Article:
Results 1 to 6 of 6
  1. #1

    1/8 stereo to xlr mono

    Hi there, newb here. I see a lot of discussion on this, but haven't found the answer I need yet. I want to run my portable CD player (I know, old school) into a channel of my powered mixer for break music at my gigs. I want it in a channel so I can add it to my mains or monitors, as my mixer only runs the tape input rca jacks to the mains. So, I am looking for a 1/8" stereo male to go to the XLR connection in the channel. I want both L+R to be summed into the XLR. I run my system in mono. The channels have PAD switches, and the CD p[layer has both headphone 1/8" out, as well as an Aux 1/8" out. I tried following the wiring diagram on here for a 1/4" stereo male to an XLR, but I got only one side when I plugged the jack all the way in. When I pulled the jack halfway out, I got both L+R. I see these cables specifically for this purpose to buy at american musical, etc.. but I have the components already, and would like to make it myself. Is there an easy way I can wire up this cable, or should I be looking in different directions? Please help, thank you anyone.

  2. #2
    Senior Member SC358's Avatar
    Join Date
    May 2005
    Location
    NYC
    Posts
    608
    Blog Entries
    2
    Welcome to MC brainbanana,

    This is the typical wiring:
    Red wire --> 1/8" tip --> XLR Pin 2
    Black wire --> 1/8" ring --> XLR pin 3
    Shield --> 1/8" sleeve --> XLR Pin 1

    The xlr should be labeled and show their numbers.

    In regards to the mini connector (3.5mm or 1/8") some manufacturers have a soldering terminal close to the center which coincides with the tip. See pic #1.

    IMG_4340-LR..jpg


    The ground terminal is the longest terminal which also acts a strain relief for the wire when you crimp the tabs down; this leaves the 3rd solder terminal as the ring. See pic #2.
    IMG_4341-LR..jpg

    If your still not sure which terminal is for the TRS, use a multi-meter (or a continuity meter) to help you determine which is the right connection.

    Happy soldering!
    SC358
    Relationships are based on compromises - behavior accepted is behavior repeated.

  3. #3
    Thanks a bunch for the reply and help. That is the wiring diagram I found before, and tried. When I wired it like that, it was only one side (mono) of the stereo signal when I plugged it all the way in. For some reason, when I pulled it half the way out, I got the stereo signal? I used a continuity tester to determine the soldering order, thanks for the helpful pictures. Those things sure are small to solder, haha. I will try it again, and make 100% sure I did everything to that diagram. Thanks again!!!!!!!!!!!!!!!!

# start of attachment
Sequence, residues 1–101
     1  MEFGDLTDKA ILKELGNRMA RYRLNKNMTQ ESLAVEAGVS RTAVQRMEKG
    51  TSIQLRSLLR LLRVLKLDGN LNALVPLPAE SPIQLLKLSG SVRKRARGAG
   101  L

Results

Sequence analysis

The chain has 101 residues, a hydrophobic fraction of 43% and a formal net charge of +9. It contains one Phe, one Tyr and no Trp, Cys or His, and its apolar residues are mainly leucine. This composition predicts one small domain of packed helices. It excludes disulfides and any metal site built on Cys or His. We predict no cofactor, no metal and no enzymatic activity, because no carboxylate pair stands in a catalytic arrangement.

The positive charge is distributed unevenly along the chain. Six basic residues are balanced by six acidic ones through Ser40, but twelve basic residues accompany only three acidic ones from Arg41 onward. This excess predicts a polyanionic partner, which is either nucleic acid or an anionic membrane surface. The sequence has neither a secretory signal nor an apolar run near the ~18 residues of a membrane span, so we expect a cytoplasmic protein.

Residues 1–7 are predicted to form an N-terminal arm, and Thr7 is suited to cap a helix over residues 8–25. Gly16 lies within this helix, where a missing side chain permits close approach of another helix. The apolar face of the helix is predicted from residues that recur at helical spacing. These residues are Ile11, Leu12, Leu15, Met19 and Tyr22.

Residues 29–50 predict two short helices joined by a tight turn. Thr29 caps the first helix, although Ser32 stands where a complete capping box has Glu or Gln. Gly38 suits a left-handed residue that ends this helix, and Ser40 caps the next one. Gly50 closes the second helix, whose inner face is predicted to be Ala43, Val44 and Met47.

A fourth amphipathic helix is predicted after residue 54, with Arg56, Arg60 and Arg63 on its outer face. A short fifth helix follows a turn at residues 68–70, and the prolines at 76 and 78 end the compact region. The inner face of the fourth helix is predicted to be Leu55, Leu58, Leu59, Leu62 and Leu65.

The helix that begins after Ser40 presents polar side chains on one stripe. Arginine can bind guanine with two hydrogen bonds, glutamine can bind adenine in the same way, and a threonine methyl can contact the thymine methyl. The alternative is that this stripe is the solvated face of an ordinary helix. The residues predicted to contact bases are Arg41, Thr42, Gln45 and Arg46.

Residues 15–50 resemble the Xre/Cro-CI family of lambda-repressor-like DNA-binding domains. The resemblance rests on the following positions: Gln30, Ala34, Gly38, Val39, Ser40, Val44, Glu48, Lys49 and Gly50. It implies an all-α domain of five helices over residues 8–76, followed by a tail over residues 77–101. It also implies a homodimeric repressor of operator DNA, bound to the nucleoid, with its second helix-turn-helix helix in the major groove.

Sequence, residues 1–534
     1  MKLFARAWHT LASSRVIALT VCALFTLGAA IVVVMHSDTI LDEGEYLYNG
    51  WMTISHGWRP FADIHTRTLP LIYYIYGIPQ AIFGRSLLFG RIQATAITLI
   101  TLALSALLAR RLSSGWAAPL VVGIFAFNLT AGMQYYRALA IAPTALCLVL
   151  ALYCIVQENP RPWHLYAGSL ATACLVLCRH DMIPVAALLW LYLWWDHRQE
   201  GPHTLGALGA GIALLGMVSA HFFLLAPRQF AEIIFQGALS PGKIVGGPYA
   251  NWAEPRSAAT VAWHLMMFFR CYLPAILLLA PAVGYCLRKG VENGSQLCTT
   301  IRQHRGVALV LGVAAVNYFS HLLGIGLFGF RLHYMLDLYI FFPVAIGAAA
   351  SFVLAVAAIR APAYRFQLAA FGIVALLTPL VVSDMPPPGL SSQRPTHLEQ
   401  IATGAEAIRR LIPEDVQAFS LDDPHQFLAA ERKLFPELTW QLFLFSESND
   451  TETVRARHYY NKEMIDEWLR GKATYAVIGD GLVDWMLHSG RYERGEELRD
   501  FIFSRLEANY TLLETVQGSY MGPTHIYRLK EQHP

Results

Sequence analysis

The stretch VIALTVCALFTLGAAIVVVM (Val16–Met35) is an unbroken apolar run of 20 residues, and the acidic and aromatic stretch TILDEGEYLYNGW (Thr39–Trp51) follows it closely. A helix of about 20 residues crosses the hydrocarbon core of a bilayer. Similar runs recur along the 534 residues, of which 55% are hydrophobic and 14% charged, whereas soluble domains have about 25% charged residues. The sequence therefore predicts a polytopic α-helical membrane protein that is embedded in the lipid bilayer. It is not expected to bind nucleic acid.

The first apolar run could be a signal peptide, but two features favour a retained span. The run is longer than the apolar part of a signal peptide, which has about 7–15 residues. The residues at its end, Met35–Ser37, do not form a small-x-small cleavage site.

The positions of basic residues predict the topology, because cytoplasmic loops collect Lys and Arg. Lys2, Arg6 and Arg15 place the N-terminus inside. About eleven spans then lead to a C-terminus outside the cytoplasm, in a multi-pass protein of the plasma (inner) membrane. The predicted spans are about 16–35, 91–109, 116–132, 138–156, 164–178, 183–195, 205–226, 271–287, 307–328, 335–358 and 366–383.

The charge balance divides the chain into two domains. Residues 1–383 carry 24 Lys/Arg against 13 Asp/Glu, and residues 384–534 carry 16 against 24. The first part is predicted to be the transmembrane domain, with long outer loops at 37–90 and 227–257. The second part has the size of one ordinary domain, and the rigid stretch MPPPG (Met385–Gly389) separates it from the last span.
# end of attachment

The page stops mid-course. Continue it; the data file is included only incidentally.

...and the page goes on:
4. #4
    Senior Member SC358's Avatar
    Join Date
    May 2005
    Location
    NYC
    Posts
    608
    Blog Entries
    2
    After creating cables yourself, always perform a critical visual inspection & a metered continuity check of your work to ensure all is correct. The slightest solder bridge will bring about problems. As long as you're sure of the integrity of your cable (or any cable) look for the root of your audio problem elsewhere.
    SC358
    Relationships are based on compromises - behavior accepted is behavior repeated.

  5. #5
    Thank you for the tips. I did check all my connections and solder points. They were all good. I still get a mono (only L or R) signal. I then tried a purchased XLR to balanced 1/4" cable plugged into a stereo 1/4" to 1/8" adapter. Still no change. I just ended up using the typical 1/8" stereo to dual L/R rca cable, and I sacrificed running the music through my monitors. The signal is clearer that way, and it is true stereo. I would love to know how to run it through my stage monitors, though... Thanks again-

  6. #6
    OK, so I really feel like a dummy now. I am old old, haha, and have been running CD players through pa systems for 20 years+. We always would just use whatever cables and adapters we could rig up, usually to the rca jacks. After studying deeper into this forum, I am (instantly) realizing that I should use a direct box made specifically for 1/8" stereo signals to go to a balanced line in (channel) on my mixer. Sounds like that would give me the best signal integrity and overall sound, as well as allowing me to have L/R mono signal run to both my mains and monitors with levels for each. I didn't realize they made direct boxes specifically for this, but now I see whirlwind and live wire both have them, and probably thousands of others, haha. Hope I didn't waste anyone's time. Just gotta save $50 or so... Thanks

Bookmarks

Posting Permissions

  • You may not post new threads
  • You may not post replies
  • You may not post attachments
  • You may not edit your posts
  •  
Subscribe to us on YouTube